Suicide Prevention & Mental Health: 5 Key Facts

  • If you are in crisis, call 988.
  • Know that there are other ways to handle pain and continue to live.
  • Brightside Health can help with suicidal ideation (general thoughts about ending your life) but not active crisis care.
Suicide Prevention & Mental Health: 5 Key Facts


September is National Suicide Prevention and Awareness Month in the U.S. and September 10 is World Suicide Prevention Day, which means you may be hearing a lot about suicide prevention in early fall.

For us at Brightside Health, the prevention of suicide isn’t a monthly conversation or tied to a specific day. It’s something that we work on every day. And it’s a mission we take very seriously. So before we dig too much deeper, here’s a quick but vital reminder:

Brightside Health can help treat severe mental health symptoms, including suicidal ideation (general thoughts about ending your life). If you have a plan, intend to harm yourself, or are in crisis, please call 988.

If you are not in immediate crisis but would like to see how we can help, start with a free assessment.

There is a good reason that we feel strongly about the relationship between suicide and mental health. Here are a few key statistics from the National Alliance on Mental Health:

  • Suicide is the 2nd leading cause of death among people aged 10-34.
  • Suicide is the 12th leading cause of death overall in the U.S.
  • 46% of people who die by suicide had a diagnosed mental health condition.
  • 90% of people who die by suicide may have experienced symptoms of a mental health condition, according to interviews with family, friends and medical professionals.

In other words, suicide is a major problem, and it’s tightly linked to overall mental health. Most importantly, there is often something that can be done to help people who are experiencing suicidal thoughts. It starts by talking about it. Here are 5 facts to get us started:

Talking about suicide does not cause suicide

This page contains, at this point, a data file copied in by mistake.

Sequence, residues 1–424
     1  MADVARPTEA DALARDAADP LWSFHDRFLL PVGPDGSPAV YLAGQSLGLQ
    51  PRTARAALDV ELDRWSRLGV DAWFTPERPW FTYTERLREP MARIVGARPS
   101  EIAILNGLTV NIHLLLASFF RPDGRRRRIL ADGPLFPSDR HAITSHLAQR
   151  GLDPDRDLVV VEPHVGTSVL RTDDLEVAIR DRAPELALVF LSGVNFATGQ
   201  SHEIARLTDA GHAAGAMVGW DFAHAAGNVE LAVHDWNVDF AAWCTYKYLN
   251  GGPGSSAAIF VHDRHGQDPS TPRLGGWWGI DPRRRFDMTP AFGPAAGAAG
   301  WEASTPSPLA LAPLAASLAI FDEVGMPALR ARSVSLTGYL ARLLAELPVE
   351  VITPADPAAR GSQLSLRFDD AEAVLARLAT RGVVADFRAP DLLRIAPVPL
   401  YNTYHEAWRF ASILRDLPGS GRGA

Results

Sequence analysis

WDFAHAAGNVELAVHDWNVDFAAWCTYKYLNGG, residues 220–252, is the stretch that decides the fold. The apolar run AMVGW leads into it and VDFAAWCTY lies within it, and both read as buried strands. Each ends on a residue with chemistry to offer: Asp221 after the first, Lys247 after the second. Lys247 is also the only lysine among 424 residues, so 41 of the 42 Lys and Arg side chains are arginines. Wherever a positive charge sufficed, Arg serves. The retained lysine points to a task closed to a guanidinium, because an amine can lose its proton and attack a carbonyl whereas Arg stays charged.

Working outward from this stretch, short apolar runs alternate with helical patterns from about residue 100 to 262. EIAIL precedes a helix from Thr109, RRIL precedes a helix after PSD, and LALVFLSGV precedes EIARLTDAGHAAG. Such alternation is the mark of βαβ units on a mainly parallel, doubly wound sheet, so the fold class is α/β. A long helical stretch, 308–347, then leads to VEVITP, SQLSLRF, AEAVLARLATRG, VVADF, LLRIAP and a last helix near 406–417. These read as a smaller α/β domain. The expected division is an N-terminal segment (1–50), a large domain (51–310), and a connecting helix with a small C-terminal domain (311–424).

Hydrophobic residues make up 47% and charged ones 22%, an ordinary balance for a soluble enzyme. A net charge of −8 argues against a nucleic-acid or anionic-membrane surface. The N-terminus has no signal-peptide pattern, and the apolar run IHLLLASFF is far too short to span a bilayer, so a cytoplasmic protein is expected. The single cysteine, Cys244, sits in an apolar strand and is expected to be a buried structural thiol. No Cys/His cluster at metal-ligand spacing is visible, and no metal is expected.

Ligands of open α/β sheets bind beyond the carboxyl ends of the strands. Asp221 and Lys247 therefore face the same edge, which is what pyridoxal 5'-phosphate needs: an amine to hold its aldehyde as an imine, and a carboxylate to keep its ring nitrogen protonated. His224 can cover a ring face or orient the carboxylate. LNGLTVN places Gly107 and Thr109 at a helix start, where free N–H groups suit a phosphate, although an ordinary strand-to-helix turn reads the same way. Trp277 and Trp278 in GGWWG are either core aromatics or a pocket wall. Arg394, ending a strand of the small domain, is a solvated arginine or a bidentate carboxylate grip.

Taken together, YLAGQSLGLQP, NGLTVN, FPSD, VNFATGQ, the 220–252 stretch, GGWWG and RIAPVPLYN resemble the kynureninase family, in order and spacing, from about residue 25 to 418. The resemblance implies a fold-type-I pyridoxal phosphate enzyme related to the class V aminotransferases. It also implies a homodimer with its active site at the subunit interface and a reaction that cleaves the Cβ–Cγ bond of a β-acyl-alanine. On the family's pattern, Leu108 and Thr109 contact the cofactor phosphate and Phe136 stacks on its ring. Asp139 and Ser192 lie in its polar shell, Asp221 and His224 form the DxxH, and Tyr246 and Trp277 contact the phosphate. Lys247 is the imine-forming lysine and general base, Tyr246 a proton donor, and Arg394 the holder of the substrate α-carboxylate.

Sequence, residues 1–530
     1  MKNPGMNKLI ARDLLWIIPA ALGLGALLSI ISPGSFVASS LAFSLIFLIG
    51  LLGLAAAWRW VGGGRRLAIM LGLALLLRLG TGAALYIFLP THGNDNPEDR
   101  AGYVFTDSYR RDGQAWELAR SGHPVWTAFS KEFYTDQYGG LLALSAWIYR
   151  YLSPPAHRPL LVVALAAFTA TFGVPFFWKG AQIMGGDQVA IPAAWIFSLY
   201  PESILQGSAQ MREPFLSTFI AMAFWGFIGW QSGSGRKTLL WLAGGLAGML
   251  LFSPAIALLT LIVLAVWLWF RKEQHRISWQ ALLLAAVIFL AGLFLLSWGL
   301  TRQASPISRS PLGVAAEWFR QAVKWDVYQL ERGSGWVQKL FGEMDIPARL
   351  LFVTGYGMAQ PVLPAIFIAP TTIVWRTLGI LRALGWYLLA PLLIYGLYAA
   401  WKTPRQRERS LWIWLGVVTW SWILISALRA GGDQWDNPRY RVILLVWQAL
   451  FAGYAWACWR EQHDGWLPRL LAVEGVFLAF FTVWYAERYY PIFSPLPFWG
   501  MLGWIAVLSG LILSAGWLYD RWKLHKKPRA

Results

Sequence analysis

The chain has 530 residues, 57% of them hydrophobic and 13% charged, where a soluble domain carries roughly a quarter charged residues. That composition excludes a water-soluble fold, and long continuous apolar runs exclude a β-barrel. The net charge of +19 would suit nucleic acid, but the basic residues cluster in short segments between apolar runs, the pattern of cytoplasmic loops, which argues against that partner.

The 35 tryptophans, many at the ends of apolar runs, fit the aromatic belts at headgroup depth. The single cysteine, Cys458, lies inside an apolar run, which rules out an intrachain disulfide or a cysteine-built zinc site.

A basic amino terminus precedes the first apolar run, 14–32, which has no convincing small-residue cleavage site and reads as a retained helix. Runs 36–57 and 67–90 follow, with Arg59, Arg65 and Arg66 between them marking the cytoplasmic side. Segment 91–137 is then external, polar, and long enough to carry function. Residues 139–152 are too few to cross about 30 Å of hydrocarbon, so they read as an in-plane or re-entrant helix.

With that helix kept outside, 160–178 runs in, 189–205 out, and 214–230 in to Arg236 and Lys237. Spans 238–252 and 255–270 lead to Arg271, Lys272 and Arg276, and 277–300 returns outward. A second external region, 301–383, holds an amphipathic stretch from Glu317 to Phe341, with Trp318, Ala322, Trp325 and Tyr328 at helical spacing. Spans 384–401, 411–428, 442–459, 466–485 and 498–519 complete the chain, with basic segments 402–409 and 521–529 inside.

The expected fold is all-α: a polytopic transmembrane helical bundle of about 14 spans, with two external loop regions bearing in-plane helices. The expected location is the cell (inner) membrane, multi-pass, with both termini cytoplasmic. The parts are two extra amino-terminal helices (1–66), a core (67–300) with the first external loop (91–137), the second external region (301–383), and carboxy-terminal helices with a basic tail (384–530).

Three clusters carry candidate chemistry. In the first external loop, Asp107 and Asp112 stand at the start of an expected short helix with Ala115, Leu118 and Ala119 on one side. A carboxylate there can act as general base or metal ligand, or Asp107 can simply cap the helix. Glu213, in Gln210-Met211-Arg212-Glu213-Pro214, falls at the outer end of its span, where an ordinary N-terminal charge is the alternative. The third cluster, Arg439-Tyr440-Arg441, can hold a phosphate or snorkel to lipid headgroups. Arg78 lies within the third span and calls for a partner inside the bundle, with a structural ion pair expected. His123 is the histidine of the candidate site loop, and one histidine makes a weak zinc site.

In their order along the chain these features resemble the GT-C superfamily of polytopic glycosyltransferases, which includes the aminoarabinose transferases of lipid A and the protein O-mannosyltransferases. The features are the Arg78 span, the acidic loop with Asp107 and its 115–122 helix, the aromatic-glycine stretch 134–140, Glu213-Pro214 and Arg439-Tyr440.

It might seem as though avoiding talking about suicide is a good idea: What if we put the idea of suicide into someone’s head? The thing is, many studies show that that’s not how it works. 

According to a study at the University of Nevada, “asking someone if they are having thoughts of killing themselves is actually more likely to save a life. In addition, most people who are thinking about suicide are at least somewhat ambivalent about it, and research also shows that almost all deaths by suicide are preceded by warning signs of some sort.” This indicates that it’s something we should talk about a lot more frequently.

When someone is having suicidal thoughts, it can feel very isolating. It may even feel as though they are all alone. This means that it’s a good time to remind them that they are not.

Suicidal thoughts can affect anyone

Speaking of not being alone, anyone can have suicidal thoughts. They can be scary and unsettling, but they are not uncommon. In fact, the National Alliance on Mental Health suggests that: 

  • About 5% of all adults 
  • Over 11% of those between 18-25
  • Nearly 20% of high school students
  • 45% of LGBTQI youth

 have serious thoughts of suicide each year.

When you consider why most people experience suicidal thoughts, those numbers come into focus. Many people who consider suicide want to escape some sort of pain or problem they have experienced. 

This might be physical, emotional, social, or another type of pain. In many cases, the individual doesn’t want to end their LIFE, they only wish to end the pain they are in. This sometimes becomes the root of a suicidal crisis because they may not see a way out of problems they are facing.